This is a slightly older find. I think I found this at one of the antique markets in Coldwater, MI when I was traveling over the holidays. I originally bought it for my Aunt, who collects samplers, but have been second guessing this as I find myself wanting to add it to my repertoire of wall hangings. It was a ridiculous $2.00 with 60% off, bringing it down to an unbelievable $.80. Obviously, it needs to be cleaned, a task I will take on once I figure out how to remove it from the professional framing with the least amount of damage. But those colors... seriously awesome. 

Come to think of it, I picked up another embroidery piece at an auction over the holidays, although this was Christmas-related and is already packed away with the holiday things. Part of me thinks I'm on the look out for these since I'm making no progress on my own cross stitch projects... 

12 March 2011

Color Combinations

I'm still crocheting, although I did have a bit of a snaffu as I continued to work on the original project. After looking through a few You Tube clips, I came to the horrifying conclusion that I had been double crocheting incorrectly. Oh, the shame! So when I went to continue making those previous squares, I found I couldn't duplicate what I was doing previously. Seriously. I couldn't make the mistake on purpose.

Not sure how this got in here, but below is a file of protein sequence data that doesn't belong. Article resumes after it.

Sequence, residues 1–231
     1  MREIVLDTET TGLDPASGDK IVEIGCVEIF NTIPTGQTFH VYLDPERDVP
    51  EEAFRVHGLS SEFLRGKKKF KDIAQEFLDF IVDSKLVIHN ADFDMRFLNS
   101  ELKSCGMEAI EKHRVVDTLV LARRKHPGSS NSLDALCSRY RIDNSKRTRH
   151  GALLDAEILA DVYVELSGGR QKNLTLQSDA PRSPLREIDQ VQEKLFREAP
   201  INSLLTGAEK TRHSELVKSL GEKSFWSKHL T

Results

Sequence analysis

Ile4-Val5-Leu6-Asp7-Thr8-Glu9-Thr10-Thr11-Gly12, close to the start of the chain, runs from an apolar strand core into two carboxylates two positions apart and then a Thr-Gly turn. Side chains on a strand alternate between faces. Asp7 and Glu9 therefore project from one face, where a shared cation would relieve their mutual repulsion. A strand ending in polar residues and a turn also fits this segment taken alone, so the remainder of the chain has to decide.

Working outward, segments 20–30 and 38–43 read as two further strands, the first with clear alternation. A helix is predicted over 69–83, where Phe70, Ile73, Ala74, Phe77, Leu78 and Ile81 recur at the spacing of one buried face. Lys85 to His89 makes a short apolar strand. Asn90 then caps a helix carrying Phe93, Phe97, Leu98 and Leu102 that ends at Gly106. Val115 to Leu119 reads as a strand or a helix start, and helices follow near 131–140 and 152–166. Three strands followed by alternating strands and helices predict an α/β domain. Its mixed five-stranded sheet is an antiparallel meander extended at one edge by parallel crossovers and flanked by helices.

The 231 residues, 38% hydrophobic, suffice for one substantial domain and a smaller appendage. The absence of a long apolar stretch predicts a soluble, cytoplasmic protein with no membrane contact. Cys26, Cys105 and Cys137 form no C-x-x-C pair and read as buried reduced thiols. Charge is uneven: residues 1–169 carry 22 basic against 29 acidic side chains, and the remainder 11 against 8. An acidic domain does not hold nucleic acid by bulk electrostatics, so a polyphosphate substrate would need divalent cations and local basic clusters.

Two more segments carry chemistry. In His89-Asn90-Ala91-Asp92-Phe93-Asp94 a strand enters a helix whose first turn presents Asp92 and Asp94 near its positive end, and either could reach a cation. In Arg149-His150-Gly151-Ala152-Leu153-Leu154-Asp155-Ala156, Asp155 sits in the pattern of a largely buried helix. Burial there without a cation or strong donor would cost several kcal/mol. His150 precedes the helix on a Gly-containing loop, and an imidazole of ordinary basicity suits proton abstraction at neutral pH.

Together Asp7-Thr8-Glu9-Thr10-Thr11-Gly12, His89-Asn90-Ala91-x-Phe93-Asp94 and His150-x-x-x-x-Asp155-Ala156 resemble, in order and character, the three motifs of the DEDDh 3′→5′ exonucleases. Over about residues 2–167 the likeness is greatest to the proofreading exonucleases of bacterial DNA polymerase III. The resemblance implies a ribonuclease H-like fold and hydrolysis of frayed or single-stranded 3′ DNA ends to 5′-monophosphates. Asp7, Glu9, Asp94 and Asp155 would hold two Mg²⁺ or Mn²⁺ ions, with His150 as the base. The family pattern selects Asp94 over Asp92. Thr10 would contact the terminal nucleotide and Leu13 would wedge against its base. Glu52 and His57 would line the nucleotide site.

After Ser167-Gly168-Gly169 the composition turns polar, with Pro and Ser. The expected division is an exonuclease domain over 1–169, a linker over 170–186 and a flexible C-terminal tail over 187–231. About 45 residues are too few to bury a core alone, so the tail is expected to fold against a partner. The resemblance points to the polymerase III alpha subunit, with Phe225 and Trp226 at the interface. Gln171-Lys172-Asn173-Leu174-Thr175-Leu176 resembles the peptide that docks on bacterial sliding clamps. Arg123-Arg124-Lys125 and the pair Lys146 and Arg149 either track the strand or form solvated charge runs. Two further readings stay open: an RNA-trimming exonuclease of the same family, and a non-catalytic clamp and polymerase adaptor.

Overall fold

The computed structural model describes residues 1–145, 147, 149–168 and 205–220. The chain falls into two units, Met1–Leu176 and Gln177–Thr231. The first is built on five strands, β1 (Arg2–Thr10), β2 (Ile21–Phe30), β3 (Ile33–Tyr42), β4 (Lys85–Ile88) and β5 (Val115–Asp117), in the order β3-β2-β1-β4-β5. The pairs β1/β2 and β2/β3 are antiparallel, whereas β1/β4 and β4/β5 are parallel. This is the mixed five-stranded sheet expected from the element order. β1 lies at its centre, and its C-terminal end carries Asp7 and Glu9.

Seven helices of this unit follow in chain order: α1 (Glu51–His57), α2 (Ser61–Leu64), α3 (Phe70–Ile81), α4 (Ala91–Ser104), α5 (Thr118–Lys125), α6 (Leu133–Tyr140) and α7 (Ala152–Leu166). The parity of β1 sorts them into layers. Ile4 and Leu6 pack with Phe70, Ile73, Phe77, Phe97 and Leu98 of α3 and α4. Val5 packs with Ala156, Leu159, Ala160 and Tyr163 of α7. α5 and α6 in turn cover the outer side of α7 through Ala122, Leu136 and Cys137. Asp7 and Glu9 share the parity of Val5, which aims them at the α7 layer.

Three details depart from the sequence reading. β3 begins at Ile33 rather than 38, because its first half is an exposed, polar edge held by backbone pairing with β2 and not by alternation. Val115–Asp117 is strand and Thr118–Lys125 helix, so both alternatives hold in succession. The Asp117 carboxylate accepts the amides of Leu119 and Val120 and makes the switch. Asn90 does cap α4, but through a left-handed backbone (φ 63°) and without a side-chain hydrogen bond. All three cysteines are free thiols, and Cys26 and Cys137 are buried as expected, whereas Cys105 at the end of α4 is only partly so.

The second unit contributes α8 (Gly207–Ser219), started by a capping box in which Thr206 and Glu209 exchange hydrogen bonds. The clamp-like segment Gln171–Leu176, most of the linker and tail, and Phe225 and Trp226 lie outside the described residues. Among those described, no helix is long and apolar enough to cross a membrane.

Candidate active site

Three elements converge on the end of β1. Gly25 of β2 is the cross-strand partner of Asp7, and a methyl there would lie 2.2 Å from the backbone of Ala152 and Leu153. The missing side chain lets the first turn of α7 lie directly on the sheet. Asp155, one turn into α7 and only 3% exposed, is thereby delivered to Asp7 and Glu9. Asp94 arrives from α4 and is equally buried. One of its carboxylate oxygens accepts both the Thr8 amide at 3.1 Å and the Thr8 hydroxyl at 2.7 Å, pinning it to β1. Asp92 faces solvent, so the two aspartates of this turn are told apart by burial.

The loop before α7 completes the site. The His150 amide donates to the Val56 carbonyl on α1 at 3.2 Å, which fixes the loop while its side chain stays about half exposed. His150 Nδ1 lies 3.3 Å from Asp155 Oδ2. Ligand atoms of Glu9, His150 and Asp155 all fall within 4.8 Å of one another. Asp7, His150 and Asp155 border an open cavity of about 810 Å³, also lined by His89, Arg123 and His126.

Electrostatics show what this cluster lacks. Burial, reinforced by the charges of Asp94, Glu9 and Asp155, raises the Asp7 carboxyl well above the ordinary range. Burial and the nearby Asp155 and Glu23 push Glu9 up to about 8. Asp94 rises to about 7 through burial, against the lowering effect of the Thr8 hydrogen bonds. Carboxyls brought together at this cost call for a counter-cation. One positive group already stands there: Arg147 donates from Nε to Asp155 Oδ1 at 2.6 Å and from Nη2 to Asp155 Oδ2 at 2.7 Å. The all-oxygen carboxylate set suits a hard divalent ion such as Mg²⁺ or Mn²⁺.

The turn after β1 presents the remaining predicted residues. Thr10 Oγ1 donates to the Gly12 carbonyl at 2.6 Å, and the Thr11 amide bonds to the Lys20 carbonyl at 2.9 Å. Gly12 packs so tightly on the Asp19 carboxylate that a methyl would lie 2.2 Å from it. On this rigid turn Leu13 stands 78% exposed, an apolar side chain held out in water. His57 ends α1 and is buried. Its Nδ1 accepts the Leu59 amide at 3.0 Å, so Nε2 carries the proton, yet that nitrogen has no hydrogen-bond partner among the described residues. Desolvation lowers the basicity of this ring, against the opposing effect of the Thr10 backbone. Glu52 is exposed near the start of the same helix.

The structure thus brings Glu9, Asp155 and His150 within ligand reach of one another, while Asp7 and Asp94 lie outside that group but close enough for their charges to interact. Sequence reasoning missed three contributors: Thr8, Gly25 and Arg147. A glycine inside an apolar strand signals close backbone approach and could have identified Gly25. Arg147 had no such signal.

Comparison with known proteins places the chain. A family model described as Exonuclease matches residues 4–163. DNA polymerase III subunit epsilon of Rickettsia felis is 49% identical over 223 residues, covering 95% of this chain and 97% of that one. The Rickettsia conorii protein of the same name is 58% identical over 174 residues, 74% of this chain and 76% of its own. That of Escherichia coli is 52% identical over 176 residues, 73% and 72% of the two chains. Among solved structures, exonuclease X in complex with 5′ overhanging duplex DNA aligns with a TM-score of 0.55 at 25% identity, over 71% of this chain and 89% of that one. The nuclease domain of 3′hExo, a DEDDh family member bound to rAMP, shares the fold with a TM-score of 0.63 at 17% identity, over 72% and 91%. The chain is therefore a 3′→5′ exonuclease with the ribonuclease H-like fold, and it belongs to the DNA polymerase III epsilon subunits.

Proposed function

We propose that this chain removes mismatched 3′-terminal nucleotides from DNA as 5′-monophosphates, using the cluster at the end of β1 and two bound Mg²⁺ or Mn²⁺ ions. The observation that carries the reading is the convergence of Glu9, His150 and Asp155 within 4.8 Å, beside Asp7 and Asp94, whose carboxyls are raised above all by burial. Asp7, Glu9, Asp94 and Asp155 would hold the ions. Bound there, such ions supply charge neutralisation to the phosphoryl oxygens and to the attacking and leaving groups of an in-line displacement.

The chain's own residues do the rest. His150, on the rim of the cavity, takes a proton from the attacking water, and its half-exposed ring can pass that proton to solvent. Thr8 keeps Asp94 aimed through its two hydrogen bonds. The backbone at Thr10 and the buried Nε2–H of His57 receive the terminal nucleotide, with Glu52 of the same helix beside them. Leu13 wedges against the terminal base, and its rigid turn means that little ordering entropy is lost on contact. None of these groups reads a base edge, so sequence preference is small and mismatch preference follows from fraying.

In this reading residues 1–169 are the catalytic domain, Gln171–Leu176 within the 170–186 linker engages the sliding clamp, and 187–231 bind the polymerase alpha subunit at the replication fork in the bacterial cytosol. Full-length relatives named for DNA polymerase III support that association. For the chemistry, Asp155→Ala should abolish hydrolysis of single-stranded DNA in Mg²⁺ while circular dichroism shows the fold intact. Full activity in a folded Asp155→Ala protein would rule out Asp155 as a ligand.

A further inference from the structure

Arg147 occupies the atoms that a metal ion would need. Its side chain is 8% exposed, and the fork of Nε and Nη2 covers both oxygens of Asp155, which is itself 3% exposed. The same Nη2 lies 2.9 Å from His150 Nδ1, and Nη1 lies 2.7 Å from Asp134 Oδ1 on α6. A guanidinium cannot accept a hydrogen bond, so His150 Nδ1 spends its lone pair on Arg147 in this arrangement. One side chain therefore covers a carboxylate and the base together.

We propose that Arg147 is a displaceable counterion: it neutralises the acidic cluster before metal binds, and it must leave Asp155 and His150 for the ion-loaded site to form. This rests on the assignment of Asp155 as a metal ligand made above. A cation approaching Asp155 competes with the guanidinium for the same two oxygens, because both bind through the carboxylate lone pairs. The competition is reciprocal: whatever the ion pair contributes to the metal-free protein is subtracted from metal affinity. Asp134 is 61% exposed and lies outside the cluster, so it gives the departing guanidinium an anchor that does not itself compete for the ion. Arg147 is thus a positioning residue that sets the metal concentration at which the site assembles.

It's possibly a case of running before walking. I tend to do those things. Regardless, I've started making granny squares of a simpler sort, following this tutorial. I don't quite know what I will be doing with them, but it's an interesting exercise in combining colors and thinking through what I have in my stash. Selecting three colors and laying out the various ways they play together color-wise. It's definitely too much fun. 

08 March 2011

Walking the Walk

Oh, Blogger. Why are you not letting me know there is a comment on my blog. There usually aren't many. You can at least let me know when there is one... or two.

Regardless: I'm teaching a class on literacy assessment for preservice elementary teachers this spring and we noticed an interesting disconnect the first day of class. When I asked students about how they would create readers in their classrooms, there was an overarching number of students who said that it was all about connecting readers to books, a la The Book Whisperer. Yet when I asked them about what they were reading, they admitted they weren't reading anything other than what they had to for class (and I sometimes doubt that). So however were they to connect readers to books if they have no idea what is out there?

Then I realized that I do very little reading outside of my own coursework / academic interests... And thus, I began forcing myself to walk the walk I was expecting of my students, reading at least one non-academic book a week and sharing those readings with them during the announcements portion of class. It's been lovely to leave the laptop downstairs and curl up with a book before bed... sometimes tricky, but rather lovely.

Some of the greatest hits recently:

Tinsel :: This book, written by a journalist, seeks to understand the contemporary meaning of the rituals that comprise Christmas as we know it. It's a narrative journey through the 2006 season in Frisco, Texas, and an enjoyable read at that.

Random Family :: I don't know how I haven't written about this one yet. This is a journalistic narrative following a group of teenagers growing up in the Bronx beginning in the early 1980's. LeBlanc follows these people through jail sentences, child birth, geographical moves, relationships, failures... it's breathtaking in the way that it captures the experience of people who are born into certain circumstances and work toward changing those circumstances. Brilliant book.